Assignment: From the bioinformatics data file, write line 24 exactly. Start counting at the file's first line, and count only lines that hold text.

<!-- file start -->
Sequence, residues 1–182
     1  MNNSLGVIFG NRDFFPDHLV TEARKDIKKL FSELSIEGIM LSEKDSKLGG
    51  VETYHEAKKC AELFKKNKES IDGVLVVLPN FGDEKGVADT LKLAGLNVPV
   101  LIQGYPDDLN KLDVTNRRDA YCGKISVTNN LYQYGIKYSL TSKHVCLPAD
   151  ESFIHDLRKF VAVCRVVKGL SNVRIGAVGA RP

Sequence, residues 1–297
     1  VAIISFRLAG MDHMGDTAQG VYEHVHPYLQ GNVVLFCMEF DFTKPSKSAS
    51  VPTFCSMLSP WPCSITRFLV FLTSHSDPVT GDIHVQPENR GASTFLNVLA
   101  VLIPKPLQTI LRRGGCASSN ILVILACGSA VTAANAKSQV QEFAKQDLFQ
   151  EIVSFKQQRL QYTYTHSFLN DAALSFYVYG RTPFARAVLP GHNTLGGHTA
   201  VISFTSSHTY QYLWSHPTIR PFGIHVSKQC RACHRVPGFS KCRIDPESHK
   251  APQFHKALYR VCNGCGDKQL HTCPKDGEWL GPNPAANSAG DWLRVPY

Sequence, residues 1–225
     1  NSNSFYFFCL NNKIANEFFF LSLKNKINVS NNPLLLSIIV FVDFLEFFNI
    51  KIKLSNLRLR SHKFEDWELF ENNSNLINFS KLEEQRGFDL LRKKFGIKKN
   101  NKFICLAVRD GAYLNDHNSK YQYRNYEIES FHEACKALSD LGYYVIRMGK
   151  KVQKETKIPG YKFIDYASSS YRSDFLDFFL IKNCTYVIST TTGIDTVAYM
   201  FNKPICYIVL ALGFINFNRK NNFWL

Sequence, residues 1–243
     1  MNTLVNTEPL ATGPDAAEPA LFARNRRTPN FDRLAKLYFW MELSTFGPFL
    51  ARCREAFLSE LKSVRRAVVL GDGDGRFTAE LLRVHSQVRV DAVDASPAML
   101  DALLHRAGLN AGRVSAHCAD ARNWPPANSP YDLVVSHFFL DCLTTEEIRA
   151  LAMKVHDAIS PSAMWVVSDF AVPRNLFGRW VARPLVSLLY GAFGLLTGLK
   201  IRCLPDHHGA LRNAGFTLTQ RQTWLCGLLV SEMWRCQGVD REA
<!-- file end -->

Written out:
   201  IRCLPDHHGA LRNAGFTLTQ RQTWLCGLLV SEMWRCQGVD REA